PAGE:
From my long study of happiness, and from my own experience, I've learned the importance of keeping a sense of perspective. When I take the long view, my own worries seem smaller. Circumstances seem less dire. I'm more aware of positive change. I don't take myself so seriously.
But in the tumult of everyday life, I often find it hard to keep a sense of perspective.
As I was brushing my teeth this morning, I realized that I'd discovered a hack that helps me keep a sense of perspective, without realizing that I was using it.
I listen to the BBC 4's In Our Time podcast. This podcast is really five separate podcasts: In Our Time: History, In Our Time: Philosophy, In Our Time: Religion, In Our Time: Science, and In Our Time: Culture.
I listen to these episodes when I want a sense of thoughtful calm. I learn a lot, of course, but I get something more. I'm reminded of the long, slow sweep of history; the vastness and mysteries of nature; and the greatness and strangeness of human creation. I'm reminded of how little I know, and how much I want to learn.
It comforts me to learn that Alcuin of York was a scholar of such renown that he's remembered to this day—yet he didn't know the concept of zero and did his calculations using Roman numerals.
And I experience moments of transcendence. In the discussion of Euripides's masterpiece, the tragedy The Bacchae, the panelist comments, "Right at the end, there's that chilling line by Cadmus, 'You've gone too far; it's not right for you to show so much anger,' and Dionysus says, 'But all of this Zeus agree to long ago.'" (at 50:55). As I heard her repeat those words, the hair stood up on the back of my neck. I stopped the podcast to think about that line; then replayed it three times; and later that week re-read the entire play.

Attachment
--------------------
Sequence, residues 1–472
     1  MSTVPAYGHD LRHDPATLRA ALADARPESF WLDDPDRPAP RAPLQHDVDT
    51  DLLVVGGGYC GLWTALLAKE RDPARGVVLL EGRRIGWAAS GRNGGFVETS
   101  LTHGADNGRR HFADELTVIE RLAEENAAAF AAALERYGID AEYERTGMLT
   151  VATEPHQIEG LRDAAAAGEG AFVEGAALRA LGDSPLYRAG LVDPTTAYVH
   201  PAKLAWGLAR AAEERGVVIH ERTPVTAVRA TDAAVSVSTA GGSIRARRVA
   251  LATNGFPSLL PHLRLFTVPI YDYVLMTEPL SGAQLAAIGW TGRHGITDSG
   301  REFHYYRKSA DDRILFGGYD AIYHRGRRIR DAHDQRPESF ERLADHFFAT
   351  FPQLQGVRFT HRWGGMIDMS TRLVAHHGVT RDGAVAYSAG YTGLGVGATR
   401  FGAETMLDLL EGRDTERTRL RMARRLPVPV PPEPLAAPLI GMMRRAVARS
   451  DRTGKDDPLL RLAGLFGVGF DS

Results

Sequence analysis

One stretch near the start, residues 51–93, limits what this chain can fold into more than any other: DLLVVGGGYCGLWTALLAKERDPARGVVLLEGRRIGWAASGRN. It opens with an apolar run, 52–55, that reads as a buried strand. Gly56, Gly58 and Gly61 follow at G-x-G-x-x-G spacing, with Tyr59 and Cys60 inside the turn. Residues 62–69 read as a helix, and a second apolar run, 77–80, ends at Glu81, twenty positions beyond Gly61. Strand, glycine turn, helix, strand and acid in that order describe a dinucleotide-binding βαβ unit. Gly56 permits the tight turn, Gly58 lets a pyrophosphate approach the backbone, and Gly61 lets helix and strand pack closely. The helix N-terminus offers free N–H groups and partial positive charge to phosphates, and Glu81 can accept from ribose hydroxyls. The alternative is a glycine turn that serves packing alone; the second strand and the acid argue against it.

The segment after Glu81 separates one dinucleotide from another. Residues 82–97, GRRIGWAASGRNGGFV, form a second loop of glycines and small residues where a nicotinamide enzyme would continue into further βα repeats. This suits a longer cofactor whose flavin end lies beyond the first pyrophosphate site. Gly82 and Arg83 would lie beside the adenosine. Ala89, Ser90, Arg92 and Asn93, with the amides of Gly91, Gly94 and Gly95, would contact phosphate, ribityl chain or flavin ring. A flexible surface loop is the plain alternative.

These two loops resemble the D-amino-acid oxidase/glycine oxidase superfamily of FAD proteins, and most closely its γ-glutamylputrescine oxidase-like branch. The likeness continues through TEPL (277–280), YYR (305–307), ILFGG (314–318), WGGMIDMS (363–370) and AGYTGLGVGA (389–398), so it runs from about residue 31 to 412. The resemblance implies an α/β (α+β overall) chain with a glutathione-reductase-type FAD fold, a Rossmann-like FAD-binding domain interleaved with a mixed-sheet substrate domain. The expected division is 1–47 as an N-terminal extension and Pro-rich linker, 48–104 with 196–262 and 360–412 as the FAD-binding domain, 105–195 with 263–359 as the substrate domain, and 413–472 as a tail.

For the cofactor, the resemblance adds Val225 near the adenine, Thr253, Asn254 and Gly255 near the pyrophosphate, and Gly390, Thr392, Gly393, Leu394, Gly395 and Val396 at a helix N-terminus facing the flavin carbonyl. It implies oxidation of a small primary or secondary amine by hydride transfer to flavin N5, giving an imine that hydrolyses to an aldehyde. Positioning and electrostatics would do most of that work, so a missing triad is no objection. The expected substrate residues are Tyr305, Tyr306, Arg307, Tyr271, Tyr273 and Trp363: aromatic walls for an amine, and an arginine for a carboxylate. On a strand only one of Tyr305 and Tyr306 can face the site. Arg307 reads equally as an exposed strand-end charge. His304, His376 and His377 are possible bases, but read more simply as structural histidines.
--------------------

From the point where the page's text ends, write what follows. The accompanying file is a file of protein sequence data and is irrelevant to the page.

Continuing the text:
I wanted to learn more about the background of the show, and I found this terrific review in the New Yorker by Sarah Larson. Turns out, she had found the same sense of perspective that I do. As she puts it:
In part because "In Our Time" is unconnected to things that are coming out, things happening right this minute...it feels aligned with the eternal rather than the temporal, and is therefore escapist without being junk.
I also get a sense of perspective from my daily visits to the Metropolitan Museum. Entering the Great Hall shrank my everyday worries and preoccupations to their proper size.
The museum fills me with transcendent feelings of permanence, preservation, scholarship, reverence. I feel smaller and also larger. Time seems to pause, to give me an expansive sense of possibility, because the Met is a place outside of time, where objects from the distant past and recent times mix under one roof. On the labels, I read about whole empires that rose, fell, and are now forgotten.
How do you find a sense of perspective these days?
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